A Guide to the

Staunton Academy Records, 1808-1828

SC 0074

Compiled by: Don Lambert, February 1987

Updated: December 2008, January 2017

Descriptive Summary

Repository: Special Collections, Carrier Library, James Madison University

Title: Staunton Academy Records, 1808-1828

Collection No. : SC 0074

Creator: Staunton Academy

Extent: One folder; 10 items

Abstract:The Staunton Academy Records, 1808-1828, consist primarily of minutes from the board of trustees' meeting of the Staunton Academy as well as correspondence and issues addressed at said meetings.

Administrative Information


Access Restrictions:
Collection open to research. Researchers must register and agree to copyright and privacy laws before using this collection. Please contact Research Services staff before visiting the James Madison University Special Collections Library to use this collection.
Use Restrictions: The copyright interests in this collection have been transferred to the James Madison University Special Collections Library. For more information, contact the Special Collections Library Reference Desk (library-special@jmu.edu).
Preferred Citation: [Identification of Item], [box #, folder #], Staunton Academy Records, SC 0074, Special Collections, Carrier Library, James Madison University, Harrisonburg, VA.
Acquisition Information: Purchased in February 1987.
Processing Information: In order to streamline the process of applying collection numbers, Special Collections staff completed a large-scale renumbering campaign in the spring of 2017. This collection was previously cataloged as SC 1758.

Administrative History

The Staunton Academy in Staunton, Virginia was incorporated in 1792, but a formal schoolhouse was not completed until after 1810. The Academy was founded from funds raised through bond sales, and also from state funds raised through the sale of glebe lands. The administration of the Academy was first entrusted to James G. Waddell and Bartholomew Fuller, who were the Academy's first principals and faculty. Waddell taught the classics and Fuller taught mathematics. In 1833, Lyttleton Waddell became joint principals with William Cooke. Waddell continued as principal for more than twenty years. During that time, the school was very prosperous, attracting many pupils from abroad. The final principals to be appointed by the Board of Trustees were Pike Powers and Charles E. Young. In the 1872-1873 school year, the Staunton public schools were over crowded with 375 school children. The Staunton Academy, who had 25 day students in 1873, was asked for the use of their building by the public school. As of 1873, the Staunton Academy became a public school.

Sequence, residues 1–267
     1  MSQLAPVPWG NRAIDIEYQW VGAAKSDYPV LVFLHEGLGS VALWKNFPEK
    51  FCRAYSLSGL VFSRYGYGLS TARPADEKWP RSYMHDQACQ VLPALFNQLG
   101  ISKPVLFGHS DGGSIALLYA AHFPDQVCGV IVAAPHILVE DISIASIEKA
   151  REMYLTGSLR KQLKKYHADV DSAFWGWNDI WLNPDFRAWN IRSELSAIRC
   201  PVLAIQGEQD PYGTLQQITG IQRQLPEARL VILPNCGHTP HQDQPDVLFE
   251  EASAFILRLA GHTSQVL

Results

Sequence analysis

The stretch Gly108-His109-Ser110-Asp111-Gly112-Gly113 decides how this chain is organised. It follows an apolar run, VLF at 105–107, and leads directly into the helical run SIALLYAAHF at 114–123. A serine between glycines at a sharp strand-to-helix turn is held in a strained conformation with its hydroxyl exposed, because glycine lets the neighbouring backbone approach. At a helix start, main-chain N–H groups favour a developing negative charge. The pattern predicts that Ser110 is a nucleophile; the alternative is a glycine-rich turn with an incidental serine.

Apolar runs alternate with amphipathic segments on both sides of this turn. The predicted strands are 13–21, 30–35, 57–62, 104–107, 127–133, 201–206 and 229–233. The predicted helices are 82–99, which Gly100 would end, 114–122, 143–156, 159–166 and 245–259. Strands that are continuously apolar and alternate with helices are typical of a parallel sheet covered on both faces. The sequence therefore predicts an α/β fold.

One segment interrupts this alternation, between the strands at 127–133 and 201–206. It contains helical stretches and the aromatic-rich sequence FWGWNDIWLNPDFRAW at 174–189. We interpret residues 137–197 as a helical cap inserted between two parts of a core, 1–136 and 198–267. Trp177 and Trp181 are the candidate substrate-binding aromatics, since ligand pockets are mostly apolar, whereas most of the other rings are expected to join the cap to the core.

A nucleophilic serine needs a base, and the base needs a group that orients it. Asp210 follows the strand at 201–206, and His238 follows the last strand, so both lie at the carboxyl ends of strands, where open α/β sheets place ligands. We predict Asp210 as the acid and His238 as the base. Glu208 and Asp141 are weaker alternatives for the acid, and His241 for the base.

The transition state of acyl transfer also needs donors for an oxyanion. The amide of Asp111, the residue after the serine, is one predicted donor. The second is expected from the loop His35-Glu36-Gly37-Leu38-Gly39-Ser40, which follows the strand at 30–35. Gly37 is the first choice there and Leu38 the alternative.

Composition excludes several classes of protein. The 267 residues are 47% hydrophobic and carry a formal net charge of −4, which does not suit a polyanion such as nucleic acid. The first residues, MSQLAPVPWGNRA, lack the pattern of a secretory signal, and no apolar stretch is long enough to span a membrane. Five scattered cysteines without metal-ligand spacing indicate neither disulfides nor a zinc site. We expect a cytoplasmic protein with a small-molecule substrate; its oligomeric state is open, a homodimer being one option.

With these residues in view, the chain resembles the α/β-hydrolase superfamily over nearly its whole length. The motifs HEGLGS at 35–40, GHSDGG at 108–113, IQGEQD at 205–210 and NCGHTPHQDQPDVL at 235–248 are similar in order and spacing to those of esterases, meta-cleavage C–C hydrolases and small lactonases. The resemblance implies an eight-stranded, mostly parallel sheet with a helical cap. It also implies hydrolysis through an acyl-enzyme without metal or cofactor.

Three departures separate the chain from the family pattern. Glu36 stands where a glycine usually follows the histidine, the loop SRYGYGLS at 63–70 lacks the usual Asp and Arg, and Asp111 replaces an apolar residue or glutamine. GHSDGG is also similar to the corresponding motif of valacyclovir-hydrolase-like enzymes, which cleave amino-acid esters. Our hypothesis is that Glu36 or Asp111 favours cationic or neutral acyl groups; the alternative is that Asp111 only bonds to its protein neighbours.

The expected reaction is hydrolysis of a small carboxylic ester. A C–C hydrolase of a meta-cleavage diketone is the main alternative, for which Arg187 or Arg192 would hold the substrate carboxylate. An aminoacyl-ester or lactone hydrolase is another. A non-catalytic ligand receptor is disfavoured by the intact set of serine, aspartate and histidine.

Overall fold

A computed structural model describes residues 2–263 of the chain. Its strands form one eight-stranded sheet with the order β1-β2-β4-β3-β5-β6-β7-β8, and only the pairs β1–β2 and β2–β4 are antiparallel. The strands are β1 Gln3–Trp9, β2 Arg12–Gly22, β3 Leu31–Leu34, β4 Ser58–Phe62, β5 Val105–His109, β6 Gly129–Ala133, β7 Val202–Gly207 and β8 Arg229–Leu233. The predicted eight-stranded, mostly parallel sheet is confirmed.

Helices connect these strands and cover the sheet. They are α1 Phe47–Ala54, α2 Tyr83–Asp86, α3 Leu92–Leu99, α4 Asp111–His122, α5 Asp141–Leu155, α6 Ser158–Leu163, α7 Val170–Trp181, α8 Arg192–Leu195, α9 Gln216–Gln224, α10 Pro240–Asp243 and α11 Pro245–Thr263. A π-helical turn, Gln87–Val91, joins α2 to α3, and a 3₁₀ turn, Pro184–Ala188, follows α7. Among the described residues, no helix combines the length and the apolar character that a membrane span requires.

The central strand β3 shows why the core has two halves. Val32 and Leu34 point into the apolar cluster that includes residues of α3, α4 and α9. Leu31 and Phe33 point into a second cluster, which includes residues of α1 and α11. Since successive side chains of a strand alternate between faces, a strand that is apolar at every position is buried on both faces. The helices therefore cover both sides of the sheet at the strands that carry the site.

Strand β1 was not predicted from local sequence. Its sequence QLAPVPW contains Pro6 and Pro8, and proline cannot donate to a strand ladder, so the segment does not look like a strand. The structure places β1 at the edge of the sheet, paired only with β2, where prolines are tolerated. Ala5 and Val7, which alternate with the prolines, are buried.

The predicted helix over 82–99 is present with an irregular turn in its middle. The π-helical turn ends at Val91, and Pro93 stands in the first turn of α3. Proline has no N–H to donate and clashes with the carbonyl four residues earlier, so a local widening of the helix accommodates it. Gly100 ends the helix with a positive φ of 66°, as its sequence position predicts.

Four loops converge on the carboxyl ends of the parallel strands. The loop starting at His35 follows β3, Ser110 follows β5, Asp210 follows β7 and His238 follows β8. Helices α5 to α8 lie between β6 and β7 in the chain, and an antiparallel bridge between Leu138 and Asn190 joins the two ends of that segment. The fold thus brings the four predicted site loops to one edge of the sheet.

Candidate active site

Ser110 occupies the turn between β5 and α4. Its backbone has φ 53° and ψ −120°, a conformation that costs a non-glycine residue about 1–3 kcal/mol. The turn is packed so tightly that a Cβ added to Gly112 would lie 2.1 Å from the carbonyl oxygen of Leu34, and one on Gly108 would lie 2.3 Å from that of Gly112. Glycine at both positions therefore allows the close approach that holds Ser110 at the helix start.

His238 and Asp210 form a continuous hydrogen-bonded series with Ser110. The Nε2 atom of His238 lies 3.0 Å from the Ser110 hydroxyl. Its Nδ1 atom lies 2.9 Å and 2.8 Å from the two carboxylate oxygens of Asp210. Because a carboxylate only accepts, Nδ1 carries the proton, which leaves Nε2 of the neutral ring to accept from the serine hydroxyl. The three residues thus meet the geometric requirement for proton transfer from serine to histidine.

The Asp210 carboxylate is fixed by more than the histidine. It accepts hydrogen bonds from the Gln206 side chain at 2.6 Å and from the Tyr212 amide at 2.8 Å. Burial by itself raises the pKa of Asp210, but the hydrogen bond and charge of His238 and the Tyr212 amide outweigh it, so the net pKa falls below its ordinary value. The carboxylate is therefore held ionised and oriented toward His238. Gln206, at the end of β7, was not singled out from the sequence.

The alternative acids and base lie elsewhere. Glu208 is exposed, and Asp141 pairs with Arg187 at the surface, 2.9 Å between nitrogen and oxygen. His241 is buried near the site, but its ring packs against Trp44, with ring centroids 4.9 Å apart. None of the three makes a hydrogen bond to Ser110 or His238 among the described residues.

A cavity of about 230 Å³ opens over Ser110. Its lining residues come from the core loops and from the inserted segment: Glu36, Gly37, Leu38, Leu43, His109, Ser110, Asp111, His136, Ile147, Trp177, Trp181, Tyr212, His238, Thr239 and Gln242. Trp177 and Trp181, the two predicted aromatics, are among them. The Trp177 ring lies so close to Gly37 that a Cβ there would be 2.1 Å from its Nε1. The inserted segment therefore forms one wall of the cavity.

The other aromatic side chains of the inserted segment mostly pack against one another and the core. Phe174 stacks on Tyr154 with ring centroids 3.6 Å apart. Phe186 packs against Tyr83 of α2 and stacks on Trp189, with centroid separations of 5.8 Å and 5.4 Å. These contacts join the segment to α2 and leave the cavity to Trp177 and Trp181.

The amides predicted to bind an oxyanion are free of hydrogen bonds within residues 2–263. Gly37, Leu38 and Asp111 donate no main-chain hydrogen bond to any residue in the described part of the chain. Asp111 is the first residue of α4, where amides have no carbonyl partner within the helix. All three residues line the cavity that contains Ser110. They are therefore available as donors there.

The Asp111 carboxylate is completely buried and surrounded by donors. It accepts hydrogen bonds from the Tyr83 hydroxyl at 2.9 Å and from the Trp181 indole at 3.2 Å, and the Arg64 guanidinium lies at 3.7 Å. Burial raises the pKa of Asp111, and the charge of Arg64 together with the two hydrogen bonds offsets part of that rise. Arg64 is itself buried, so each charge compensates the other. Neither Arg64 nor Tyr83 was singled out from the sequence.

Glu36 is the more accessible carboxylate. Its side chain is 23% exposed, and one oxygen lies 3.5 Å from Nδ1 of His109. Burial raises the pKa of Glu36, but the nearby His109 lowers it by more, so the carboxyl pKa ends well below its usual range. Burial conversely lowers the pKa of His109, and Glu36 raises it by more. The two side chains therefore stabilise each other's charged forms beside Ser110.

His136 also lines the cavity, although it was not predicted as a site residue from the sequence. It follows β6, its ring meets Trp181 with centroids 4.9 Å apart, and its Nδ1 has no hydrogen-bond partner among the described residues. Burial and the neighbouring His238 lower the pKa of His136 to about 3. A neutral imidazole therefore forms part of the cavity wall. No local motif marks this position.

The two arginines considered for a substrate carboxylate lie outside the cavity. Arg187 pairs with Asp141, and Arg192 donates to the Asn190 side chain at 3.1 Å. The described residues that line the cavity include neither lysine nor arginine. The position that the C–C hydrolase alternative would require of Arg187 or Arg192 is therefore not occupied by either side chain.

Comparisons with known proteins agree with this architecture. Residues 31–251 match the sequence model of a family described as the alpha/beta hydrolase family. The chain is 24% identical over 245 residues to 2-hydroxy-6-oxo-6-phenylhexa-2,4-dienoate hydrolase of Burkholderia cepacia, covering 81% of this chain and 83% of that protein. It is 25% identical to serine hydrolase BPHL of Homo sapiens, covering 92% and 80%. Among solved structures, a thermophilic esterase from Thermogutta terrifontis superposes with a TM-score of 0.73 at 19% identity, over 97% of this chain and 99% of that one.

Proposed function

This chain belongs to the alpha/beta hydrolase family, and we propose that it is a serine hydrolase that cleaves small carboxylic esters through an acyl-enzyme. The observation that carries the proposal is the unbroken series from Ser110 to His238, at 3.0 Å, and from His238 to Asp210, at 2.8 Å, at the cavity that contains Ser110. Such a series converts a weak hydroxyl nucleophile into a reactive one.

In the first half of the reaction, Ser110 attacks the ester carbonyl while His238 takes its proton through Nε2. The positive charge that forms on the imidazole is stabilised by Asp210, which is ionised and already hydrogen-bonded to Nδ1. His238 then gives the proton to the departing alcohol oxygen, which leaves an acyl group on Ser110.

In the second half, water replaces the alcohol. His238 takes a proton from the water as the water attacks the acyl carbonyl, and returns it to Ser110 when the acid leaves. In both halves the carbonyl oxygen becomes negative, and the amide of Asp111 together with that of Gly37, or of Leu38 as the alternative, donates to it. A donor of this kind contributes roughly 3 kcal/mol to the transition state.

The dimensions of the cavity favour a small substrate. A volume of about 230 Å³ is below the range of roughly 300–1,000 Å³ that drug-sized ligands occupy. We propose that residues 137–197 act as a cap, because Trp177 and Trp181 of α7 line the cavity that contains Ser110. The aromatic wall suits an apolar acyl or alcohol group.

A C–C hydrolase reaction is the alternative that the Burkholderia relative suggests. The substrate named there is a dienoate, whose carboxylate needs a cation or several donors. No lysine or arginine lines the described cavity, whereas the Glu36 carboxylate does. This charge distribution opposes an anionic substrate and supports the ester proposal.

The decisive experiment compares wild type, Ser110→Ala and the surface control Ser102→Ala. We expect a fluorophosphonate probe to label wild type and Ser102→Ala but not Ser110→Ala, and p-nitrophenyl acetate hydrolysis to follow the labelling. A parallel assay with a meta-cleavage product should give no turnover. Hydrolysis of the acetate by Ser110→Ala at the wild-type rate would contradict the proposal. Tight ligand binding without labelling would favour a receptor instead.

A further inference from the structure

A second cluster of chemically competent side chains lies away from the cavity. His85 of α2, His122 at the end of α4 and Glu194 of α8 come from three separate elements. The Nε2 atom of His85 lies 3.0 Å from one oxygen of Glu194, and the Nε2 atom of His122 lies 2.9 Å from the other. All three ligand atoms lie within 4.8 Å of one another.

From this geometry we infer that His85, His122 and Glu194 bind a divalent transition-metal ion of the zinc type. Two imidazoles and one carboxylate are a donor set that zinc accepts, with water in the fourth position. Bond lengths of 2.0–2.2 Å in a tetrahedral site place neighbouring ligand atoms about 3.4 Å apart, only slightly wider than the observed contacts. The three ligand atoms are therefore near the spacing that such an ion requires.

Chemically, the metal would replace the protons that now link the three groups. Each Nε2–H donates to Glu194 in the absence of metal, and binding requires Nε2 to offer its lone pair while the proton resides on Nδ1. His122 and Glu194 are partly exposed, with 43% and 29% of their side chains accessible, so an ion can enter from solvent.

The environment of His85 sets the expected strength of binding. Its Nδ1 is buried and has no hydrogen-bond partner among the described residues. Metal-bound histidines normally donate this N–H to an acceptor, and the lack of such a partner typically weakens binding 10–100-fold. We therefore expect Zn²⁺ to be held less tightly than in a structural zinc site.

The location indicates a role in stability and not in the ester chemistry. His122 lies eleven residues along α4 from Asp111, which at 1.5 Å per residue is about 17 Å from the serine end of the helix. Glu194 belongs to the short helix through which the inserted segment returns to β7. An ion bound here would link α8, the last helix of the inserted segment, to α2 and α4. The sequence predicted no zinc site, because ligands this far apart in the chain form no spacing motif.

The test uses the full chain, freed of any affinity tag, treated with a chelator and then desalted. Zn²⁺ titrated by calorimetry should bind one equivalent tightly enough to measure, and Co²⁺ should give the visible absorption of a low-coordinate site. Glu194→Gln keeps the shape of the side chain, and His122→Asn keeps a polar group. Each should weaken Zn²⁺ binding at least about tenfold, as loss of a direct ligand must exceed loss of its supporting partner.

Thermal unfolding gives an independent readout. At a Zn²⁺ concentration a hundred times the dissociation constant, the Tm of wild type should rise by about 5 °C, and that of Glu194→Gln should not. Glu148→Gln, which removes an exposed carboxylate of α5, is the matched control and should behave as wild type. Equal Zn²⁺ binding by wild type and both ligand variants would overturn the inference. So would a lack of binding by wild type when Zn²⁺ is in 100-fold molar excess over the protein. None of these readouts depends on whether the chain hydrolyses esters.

Scope and Content:

The Staunton Academy Records, 1808-1828, are comprised of ten items housed in a single legal sized folder within a half-sized legal Hollinger box. The collection consists primarily of minutes from the board of trustees' meeting of the Staunton Academy as well as correspondence and issues addressed at said meetings. Of particular interest in a 1818 document that lists the original members of the board when the Staunton Academy was established in 1792.

Arrangement:

The collection is arranged chronologically within a single legal sized folder.

Bibliography:

MacMaster, Richard K. Augusta County history, 1865-1950. Staunton, Va.: Augusta County Historical

Society, 1988. (p. 384)

Waddell, Joseph A. Annals of Augusta County, Virginia, from 1726 to 1871. Harrisonburg, Va.: C.J.

Carrier Co., 1986. (p. 46)